Student Weather Balloon With Cameras Sees Lubbock from 100,000 Feet

Erich Leeth: This is what space looks like from a weather balloon. We're working on determining exactly what altitude we got to, but I'd put it somewhere near 100,000 feet. Photos on Flickr

You can see about half of the city of Lubbock along the bottom of the photo just right of center.
We launched our little spacecraft (Cygnus) at 9:02am from ‎33° 49' 28"N 102° 53' 56"W, and it touched back down to Earth at 11:56am at 33° 19' 21"N 101° 59' 42"W. 62 miles from where it was released. This image was taken 1 hour and 55 minutes into the flight.

The camera was traveling in a styrofoam beer cooler from Wal Mart. The cooler was lifted into space using a 22 foot weather balloon filled with Helium. A parachute was attached to the cooler to slow and stabilize the fall of the cooler when the balloon eventually popped from lack of air pressure as it rose closer to the vacuum of space.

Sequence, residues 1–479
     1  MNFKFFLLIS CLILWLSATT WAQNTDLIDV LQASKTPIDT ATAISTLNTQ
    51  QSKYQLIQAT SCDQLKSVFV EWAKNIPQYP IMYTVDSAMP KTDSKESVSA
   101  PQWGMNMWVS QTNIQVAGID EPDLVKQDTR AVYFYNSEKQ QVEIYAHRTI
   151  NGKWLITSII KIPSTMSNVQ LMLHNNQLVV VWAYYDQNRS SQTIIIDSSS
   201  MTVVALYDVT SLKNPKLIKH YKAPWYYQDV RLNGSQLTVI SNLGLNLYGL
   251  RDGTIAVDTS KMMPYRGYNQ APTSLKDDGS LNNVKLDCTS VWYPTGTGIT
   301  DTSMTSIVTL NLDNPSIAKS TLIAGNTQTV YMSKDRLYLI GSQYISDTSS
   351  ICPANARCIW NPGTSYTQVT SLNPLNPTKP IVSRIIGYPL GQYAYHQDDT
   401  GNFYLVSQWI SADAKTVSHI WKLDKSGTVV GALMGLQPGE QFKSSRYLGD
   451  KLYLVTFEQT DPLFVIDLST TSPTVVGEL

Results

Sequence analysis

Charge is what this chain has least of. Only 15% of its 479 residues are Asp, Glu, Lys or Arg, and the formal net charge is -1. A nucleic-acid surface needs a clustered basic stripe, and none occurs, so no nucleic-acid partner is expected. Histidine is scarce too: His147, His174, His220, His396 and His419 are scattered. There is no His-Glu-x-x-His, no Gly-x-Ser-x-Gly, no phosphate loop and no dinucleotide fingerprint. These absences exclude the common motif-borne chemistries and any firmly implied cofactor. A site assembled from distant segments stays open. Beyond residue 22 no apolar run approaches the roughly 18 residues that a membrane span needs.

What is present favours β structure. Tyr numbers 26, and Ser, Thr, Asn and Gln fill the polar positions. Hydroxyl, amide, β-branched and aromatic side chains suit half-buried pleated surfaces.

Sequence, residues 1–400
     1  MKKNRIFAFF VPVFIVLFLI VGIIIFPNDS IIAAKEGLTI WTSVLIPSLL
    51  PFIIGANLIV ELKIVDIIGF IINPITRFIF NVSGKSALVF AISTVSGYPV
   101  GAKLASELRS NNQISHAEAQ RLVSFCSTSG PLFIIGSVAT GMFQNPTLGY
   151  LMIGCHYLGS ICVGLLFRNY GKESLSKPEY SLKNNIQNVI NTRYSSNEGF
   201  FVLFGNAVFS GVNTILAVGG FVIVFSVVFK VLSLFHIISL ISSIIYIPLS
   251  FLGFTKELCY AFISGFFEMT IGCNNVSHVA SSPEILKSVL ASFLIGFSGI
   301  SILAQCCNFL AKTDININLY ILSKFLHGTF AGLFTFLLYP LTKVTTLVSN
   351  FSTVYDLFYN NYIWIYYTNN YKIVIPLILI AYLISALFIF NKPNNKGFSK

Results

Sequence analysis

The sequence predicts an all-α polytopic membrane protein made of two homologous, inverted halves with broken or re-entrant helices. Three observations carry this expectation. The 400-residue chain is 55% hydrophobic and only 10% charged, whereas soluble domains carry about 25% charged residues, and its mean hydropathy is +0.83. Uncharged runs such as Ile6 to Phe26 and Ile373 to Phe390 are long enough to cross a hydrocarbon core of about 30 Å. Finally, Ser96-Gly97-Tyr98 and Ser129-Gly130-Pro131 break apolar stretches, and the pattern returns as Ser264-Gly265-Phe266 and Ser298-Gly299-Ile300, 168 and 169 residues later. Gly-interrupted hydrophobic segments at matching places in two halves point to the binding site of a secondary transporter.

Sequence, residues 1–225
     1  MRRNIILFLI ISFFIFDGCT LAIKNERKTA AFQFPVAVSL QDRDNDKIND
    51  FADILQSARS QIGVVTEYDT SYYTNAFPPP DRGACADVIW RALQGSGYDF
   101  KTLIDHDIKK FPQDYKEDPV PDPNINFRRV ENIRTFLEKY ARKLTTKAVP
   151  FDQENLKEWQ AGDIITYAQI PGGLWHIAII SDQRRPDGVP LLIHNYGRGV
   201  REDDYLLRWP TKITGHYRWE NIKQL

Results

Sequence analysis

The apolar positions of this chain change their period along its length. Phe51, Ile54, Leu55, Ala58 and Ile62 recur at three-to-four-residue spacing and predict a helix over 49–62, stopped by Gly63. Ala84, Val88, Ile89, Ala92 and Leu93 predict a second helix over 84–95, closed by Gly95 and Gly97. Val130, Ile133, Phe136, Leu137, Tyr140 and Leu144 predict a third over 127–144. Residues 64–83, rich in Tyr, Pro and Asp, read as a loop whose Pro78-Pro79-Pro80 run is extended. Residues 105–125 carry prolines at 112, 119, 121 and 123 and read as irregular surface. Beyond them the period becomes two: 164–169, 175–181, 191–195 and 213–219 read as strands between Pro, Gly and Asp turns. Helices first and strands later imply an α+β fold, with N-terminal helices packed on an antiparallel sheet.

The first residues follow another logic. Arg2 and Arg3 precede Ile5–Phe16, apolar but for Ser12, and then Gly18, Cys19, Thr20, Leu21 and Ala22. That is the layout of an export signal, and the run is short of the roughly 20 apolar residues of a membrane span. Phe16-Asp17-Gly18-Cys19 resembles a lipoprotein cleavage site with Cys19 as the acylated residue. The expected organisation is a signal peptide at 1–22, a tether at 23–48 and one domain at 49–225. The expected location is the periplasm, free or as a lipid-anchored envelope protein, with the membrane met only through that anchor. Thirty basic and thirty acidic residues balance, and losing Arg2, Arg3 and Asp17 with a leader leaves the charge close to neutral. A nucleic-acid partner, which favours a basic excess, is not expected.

There were some issues with frost building up on the plexiglass shield and it actually ruined most of the images. Live and learn I suppose. We'll get it down next time. Most people we've seen do this online take 3-6 months of planning and preparation before they launch something. We did it in 13 days. I guess it's only fitting that we overlooked something. I'm just glad we found it and everything was still in one piece!

Because there was so much issue with frost, I did my best to remove it from this image. It made the curve of the Earth a little bumpy in the left half of the image, but you can see what it should look like toward the right edge.

Check out a video of the balloon being released here!

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